Fourteen former Washington Post pressmen were given sentences in D.C. Superior Court yesterday ranging from $250 fines to one year's imprisonment stemming from incidents during a pressmen's strike against the newspaper that began in 1975.

Judge Sylvia Bacon imposed the sentences, saying that "the existence of a labor dispute or a strike does not justify violence." She described the pressmen's actions during the strike as "planned," "purposeful" and "unjustified," and she added, "These events did not erupt spontaneously."

The sentences were angrily denounced by members of the pressmen's families and supporters, who disrupted the courtroom with shouts, sobbing, chants and singing. David Rein, a lawyer for the pressmen, later told newsmen that the sentences were "extremely harsh."

The prosecutors declined to comment on the sentences. They had asked for stiff penalties for some of the pressmen. A spokesman for The Washington Post also declined to comment on the sentences.

The 14 pressmen had pleaded guilty in April to misdemeanors ranging from simple assault to disorderly conduct in return for agreement by federal prosecutors to drop more serious felony charges against them.15th former Post pressmen who also pleaded guilty to a misdemeanor was sentenced last month to a $250 fine and a suspended jail term.

The pressmen had characterized the outcome of their plea-bargaining in April as a victory.

The stiffest sentence was imposed yesterday on Jack D. McIntosh, who was given two concurrent one-year jail terms. McIntosh had pleaded guilty to destruction of property in the Post pressroom at the start of the strike Oct. 1, 1975. He was also convicted after a jury trial of assaulting former Washington Post reporter Jules Witcover, now a syndicated columnist, during the pressmen's strike. Judge Bacon denied yesterday a request by McIntosh for a new trial on the assault charge.

According to government officials, McIntosh must serve at least four months of his jail term before he is eligible for parole. Rein told newsmen he is considering steps to gain a reduction of McIntosh's sentence.

Five other former Post pressmen were sentenced to detention under the city's work release program for terms ranging from 60 to 120 days. According to correctional officials, they will be assigned to halfway houses and permitted to leave the institutions during the day to go to their jobs.

They will not be eligible for early parole, the officials said, though they are permitted to earn a few days' reduction in their terms for good behavior.

Eight other pressmen received fines ranging from $250 to $750. Most of the penalties imposed yesterday were combined with suspended jail terms and requirements for one year's probation.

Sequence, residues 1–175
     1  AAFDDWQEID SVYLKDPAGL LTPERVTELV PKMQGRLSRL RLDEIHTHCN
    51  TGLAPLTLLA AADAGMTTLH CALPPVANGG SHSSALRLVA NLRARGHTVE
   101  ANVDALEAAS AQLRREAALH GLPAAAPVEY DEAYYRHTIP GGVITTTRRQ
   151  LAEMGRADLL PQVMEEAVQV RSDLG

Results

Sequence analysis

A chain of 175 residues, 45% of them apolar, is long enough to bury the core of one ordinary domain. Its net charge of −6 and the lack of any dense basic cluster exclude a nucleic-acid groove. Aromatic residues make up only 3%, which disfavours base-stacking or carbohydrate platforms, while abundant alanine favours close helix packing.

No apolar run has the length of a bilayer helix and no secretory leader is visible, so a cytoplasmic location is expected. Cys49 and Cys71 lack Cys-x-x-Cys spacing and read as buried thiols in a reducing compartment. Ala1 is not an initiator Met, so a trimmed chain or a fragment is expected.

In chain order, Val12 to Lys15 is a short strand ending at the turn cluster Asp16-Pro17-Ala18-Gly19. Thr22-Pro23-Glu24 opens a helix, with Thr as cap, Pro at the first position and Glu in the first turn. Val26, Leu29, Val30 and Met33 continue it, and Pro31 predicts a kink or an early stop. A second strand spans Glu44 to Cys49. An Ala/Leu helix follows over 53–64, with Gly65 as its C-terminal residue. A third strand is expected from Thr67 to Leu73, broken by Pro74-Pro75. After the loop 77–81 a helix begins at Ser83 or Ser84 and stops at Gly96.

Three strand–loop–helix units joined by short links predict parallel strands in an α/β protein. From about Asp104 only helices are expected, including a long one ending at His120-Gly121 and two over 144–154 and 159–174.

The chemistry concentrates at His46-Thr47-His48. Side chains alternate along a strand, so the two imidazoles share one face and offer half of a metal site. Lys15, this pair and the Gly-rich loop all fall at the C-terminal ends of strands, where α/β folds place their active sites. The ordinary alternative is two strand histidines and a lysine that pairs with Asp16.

Both prosecution and defense lawyers said the sentences could not be appealed. "There is no basis for appeal since they pleaded guilty," Rein told newsmen.

The pressmen's strike against The Post began with violence during the early hours of Oct. 1, 1975. James Hover, the night foreman of the pressmen was beaten moments after the strike began and all 72 of The Post's press units were put out of action by vandalism. The Post did not publish a newspaper on Oct. 2, 1975.

The pressmen's union, Local 6 of the International Printing and Graphic Communications Union, put up a picket line, which most unions at the newspaper honored. A majority of the Newspaper Guild's members at The Post - editors, reporters, photographers and advertising and commerical employees - continued to cross the picket lines.

In December, 1975, The Post declared that an "impasse" had been reached in negotiations with the pressmen's union. After one week's notice, The Post began hiring replacements for the former pressmen.On March 23 this year, the Post's press operators and stereotypers voted to decertify Local 6 as its official bargaining agent.

The strike, The Post's decision to replace the striking pressmen and the investigation and prosecution of former Post pressmen on criminal charges resulted in a continuing labor controversy, punctuated by protest rallies and marches by the pressmen and their supporters. A 20-minute rally was held yesterday outside the Superior Court buildings to protest the sentences and denounce The Post.

In court yesterday, Rein and other defense lawyers argued for lenient sentences, saying that many of the men had no criminal records, that they had pleaded guilty only to minor misdemeanors, and that the prosecution had agreed to the misdemeanor charges because it could not prove more serious charges. The defense lawyers also argued that the labor dispute had caused emotional pressures on the pressmen. That The Post had helped to provoke their actions and that the pressmen had not intended to cause more than temporary damage to the pressroom.

Those who were sentenced to work released etention yesterday included Euguene E. O'Sullivan, Cecil E. Rust and John H. Raffo, all of whom were given 120-day terms. Gil W. Fowler and Michael Tenorio both received 60-day terms. All five men were also given additional suspended jail sentences and one year's probation.

The prosecutors, in a memorandum filed Tuesday, had described O'Sullivan and Rust as "the leaders and catalysts for the violence damage and destruction." They said McIntosh and Tenorio "played very significant roles in disabling the presses."

Six pressmen received $250 fines yesterday, mainly on disorderly conduct charges. They included Lawrence H. Boyd, Dennis Hughes, Joseph E., Mozingo, John B. Zarbough, Joseph J. Schumacher and Lucins J. Smith. Walter J. Stahli was fined $500, and Fred F. Tweedlie, $750. All eight men also received suspended jail terms and one year's probation.

Judge Bacon granted a request by Rein that the pressmen who were given jail or work release terms be allowed a week before surrending themselves to begin serving their sentences.